Suggested preparation: At least 3 months prior to departure, it is recommended that you undertake 45mins – 1 hour of aerobic exercise, three to four times a week. Some potential exercises that could be beneficial include hill walking with a backpack on over variable terrain and weather conditions, as well as running and cycling dependent on the activity you plan on undertaking.
This category of tours involves trekking, kayaking, cycling or other adventure activities in remote areas for up to 8 to 10 hours a day. It is important to note that with the remoteness of some regions comes a variety of other challenges such as variable weather conditions, accommodation as well as facilities. You must have an excellent level of fitness and good health to be able to partake in this category of tour. You must have confidence in your own ability and be in good physical condition. Includes extended periods of endurance.
Suggested preparation: At least 3 to 4 months of strenuous exercise, four times a week. When preparing for treks it would be beneficial to participate in hill walks with a weighted day pack (approximately 5-8 kg) once a week for aerobic fitness and strengthening of leg muscles. It is also important to do this on variable terrain to prepare for challenging adventures. When preparing for cycling adventures, regular bike riding (at least 4 to 5 times a week for 1-4 hours is essential). It is also important to cycle on uneven surfaces or even participate in other aerobic exercises such as running or swimming to build up strength and stamina. Altitude may also be a factor in these tours.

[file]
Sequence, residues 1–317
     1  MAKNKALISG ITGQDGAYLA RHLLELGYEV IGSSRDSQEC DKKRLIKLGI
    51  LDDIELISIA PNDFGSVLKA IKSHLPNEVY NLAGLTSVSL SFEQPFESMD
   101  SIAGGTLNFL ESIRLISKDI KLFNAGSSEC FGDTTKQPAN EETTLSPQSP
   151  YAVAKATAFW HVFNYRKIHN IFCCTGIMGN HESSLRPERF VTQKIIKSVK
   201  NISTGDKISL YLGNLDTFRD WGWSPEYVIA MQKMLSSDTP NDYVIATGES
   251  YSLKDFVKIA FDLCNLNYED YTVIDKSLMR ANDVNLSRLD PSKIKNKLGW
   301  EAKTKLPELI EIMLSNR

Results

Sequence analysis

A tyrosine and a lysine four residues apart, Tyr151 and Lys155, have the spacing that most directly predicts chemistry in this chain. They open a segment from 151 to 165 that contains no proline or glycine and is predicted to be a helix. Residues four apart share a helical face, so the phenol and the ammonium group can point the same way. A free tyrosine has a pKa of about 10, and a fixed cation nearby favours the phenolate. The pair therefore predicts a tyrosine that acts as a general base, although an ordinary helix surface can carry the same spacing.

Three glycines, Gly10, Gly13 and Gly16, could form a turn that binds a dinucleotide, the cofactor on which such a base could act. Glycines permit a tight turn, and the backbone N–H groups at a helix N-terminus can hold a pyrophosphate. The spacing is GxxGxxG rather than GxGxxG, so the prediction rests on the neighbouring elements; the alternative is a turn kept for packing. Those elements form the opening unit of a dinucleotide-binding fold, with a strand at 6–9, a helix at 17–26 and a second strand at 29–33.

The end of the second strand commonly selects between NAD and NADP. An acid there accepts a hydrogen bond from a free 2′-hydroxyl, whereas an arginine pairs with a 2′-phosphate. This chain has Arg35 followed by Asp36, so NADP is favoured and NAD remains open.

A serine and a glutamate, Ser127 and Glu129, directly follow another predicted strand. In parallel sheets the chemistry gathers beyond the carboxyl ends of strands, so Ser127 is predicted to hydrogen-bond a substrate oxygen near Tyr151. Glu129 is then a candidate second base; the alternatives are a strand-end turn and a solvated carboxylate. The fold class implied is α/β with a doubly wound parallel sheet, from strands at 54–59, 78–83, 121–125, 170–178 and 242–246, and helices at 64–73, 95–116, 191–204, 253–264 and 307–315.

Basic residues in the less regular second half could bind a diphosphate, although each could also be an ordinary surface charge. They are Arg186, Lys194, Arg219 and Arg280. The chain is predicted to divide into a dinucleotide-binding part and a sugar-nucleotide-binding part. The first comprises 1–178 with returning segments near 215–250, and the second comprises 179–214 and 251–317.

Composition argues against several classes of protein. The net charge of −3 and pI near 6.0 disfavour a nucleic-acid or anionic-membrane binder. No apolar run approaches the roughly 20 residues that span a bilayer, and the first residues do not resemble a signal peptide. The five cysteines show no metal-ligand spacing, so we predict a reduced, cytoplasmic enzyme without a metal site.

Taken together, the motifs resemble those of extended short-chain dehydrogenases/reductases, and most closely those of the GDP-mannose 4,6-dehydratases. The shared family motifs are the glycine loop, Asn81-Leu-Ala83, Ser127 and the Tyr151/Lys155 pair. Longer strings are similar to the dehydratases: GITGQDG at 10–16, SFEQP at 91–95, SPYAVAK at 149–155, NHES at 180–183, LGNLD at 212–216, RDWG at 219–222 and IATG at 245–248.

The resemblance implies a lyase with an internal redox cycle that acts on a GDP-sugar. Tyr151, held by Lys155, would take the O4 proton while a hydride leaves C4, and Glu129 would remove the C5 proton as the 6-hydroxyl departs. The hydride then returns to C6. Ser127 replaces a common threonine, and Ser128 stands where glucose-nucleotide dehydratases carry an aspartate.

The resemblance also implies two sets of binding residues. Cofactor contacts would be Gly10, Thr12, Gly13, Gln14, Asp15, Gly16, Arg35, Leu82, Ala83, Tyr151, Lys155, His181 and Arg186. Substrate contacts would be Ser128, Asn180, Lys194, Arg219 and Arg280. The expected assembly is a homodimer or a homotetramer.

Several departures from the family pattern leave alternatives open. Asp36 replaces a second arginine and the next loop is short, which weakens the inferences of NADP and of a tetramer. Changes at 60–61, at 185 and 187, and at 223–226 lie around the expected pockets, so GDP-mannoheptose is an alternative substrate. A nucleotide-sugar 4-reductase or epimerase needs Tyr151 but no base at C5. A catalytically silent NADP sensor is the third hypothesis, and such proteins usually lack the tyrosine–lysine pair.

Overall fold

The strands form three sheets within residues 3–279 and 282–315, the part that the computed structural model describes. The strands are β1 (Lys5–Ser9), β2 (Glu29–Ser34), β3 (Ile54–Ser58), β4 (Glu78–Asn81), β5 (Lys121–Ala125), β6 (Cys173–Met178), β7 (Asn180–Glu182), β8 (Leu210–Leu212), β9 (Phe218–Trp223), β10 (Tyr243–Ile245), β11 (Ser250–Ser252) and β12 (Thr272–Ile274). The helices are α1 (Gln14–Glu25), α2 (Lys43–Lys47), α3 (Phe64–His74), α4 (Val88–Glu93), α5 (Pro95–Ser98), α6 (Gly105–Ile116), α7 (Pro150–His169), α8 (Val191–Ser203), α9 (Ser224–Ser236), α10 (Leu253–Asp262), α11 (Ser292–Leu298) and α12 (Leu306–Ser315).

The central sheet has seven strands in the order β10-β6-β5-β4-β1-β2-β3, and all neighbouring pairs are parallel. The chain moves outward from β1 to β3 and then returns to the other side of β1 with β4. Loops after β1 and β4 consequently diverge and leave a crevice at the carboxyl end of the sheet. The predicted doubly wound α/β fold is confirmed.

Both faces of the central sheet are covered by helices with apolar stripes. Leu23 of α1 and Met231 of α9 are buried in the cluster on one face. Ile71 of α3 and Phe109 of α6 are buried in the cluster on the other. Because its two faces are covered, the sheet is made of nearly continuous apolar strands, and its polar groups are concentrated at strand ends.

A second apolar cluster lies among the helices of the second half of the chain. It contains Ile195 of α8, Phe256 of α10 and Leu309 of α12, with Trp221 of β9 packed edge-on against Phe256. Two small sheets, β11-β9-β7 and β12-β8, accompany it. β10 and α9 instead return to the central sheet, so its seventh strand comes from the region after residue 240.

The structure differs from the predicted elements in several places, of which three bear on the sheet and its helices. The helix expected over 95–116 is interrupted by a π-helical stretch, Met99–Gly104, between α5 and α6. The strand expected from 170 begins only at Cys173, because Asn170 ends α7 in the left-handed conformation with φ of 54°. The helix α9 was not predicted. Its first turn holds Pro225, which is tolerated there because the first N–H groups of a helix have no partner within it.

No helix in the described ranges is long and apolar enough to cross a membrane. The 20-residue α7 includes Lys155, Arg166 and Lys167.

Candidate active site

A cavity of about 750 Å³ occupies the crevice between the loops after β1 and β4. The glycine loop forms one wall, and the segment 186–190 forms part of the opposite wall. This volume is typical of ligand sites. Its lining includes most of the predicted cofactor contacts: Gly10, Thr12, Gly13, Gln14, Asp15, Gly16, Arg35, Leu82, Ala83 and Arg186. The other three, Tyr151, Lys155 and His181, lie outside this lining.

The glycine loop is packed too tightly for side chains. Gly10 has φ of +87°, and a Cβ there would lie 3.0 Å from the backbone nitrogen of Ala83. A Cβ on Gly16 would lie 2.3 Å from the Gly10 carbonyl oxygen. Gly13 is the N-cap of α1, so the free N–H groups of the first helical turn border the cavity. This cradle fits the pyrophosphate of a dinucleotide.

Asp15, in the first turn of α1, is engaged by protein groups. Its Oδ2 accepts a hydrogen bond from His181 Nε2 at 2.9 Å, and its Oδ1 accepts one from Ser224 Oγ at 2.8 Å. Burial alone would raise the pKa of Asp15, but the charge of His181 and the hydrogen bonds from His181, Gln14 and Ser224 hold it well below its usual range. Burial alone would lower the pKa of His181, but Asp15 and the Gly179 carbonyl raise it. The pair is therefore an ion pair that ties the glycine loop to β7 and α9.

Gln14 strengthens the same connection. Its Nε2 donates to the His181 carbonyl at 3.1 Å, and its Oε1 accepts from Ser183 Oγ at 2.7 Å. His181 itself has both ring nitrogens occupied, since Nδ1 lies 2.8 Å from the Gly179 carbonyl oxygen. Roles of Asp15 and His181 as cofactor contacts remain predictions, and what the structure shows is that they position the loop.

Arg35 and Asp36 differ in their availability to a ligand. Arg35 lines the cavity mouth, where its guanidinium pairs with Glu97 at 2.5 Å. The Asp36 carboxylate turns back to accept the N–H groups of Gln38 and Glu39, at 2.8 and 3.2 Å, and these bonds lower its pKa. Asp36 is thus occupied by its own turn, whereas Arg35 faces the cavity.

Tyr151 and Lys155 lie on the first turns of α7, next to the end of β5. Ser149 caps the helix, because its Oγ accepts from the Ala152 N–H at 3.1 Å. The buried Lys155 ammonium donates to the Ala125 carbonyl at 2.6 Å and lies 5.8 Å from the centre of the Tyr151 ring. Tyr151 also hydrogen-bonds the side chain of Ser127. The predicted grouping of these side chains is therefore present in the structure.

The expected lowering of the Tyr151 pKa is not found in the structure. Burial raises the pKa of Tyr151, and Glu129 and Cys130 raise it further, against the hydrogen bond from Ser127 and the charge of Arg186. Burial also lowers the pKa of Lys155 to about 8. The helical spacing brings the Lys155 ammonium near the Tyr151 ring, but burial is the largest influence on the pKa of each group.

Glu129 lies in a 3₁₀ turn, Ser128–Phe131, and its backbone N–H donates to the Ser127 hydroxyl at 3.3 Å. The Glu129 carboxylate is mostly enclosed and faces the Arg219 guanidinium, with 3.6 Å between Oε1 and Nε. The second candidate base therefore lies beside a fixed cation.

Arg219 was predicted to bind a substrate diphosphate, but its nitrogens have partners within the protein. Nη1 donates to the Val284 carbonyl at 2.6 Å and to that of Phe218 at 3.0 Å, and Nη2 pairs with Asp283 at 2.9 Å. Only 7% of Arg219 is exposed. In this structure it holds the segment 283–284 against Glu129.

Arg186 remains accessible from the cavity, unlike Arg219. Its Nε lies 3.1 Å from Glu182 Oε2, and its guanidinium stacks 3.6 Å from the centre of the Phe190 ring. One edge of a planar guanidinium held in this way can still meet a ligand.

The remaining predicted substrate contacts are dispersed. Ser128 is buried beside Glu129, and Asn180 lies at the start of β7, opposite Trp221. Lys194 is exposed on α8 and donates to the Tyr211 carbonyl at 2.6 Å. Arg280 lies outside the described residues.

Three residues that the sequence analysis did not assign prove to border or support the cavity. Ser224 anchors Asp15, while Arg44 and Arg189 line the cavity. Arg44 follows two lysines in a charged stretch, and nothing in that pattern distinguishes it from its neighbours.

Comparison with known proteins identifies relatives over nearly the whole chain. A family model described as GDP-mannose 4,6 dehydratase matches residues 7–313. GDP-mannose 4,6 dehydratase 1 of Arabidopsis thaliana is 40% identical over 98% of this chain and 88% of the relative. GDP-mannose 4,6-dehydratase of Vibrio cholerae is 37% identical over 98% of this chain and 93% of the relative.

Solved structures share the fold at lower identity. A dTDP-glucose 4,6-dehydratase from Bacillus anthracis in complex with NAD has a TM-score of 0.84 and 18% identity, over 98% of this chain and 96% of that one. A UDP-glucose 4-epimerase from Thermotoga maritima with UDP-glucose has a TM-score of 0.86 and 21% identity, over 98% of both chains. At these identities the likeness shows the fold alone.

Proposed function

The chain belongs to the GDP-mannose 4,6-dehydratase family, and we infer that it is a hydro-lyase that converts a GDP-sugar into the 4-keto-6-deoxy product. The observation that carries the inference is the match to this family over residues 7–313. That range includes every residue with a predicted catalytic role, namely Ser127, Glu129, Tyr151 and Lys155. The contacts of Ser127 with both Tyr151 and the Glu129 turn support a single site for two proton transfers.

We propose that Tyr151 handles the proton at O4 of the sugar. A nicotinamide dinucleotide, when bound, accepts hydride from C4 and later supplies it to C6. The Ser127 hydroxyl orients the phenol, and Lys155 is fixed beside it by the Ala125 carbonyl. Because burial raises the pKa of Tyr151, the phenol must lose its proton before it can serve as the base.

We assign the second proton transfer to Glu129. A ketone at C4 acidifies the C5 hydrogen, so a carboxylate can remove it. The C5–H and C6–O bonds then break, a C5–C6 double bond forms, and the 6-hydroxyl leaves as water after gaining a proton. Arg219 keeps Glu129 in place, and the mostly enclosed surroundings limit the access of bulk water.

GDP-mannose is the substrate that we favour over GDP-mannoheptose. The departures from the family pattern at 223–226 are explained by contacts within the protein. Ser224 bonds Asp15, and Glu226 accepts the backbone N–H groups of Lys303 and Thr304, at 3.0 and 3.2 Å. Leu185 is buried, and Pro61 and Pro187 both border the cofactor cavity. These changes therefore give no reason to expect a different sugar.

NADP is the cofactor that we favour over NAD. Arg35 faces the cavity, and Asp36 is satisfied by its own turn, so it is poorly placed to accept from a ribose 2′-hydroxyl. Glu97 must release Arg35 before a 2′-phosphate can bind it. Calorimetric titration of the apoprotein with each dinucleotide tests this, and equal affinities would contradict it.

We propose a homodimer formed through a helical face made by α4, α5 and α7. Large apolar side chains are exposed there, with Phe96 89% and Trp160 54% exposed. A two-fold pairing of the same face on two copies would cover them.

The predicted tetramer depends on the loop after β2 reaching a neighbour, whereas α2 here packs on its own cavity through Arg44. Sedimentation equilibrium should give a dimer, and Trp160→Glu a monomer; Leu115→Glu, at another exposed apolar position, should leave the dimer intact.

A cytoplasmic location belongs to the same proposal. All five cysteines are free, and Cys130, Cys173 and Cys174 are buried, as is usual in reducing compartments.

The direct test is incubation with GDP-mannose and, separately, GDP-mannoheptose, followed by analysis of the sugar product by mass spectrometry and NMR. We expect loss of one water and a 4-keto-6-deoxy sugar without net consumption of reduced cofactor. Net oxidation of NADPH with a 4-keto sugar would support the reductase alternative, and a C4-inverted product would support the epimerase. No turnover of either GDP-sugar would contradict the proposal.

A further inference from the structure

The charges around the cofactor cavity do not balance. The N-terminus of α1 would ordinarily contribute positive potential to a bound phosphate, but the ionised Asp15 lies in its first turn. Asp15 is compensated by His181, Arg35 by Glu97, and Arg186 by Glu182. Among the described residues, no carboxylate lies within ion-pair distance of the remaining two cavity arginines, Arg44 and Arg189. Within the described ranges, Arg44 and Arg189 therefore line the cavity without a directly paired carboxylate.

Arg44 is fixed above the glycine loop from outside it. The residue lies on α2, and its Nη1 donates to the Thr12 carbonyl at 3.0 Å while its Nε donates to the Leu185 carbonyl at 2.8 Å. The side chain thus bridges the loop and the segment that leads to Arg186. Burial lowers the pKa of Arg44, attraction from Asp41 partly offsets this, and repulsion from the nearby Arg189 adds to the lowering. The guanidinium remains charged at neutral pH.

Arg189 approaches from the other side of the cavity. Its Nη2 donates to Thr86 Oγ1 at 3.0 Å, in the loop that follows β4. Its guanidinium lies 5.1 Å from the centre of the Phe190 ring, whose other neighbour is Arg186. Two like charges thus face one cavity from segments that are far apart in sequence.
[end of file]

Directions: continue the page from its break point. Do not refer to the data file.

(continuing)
This category of tour often involves extreme trekking, cycling or other extreme adventure activities. It is important to expect remote and poorly defined tracks and to be prepared for variable weather conditions for 10 to 12 hours per day (may sometimes be more depending on weather and altitude). These adventures are suitable for travellers who have prior experience in strenuous travel and activities, are extremely fit and have excellent health. It is also important to note that some of the terrain on these adventures will involve trekking in snow, at high attitude levels and may require technical equipment.
Suggested preparation: It is important to note that physical fitness should be an ongoing activity, commencing around 5-6 months prior to departure, or even before if you have no prior fitness. Exercise should focus on building maximum endurance and stamina. Four to five hard sessions of 40-60 mins per week should be completed and can include exercises such as going to the gym, running, swimming or cycling to focus on building aerobic stamina. It could also be beneficial to prepare by hiking on rough terrain, in extreme weather conditions or partake in altitude training.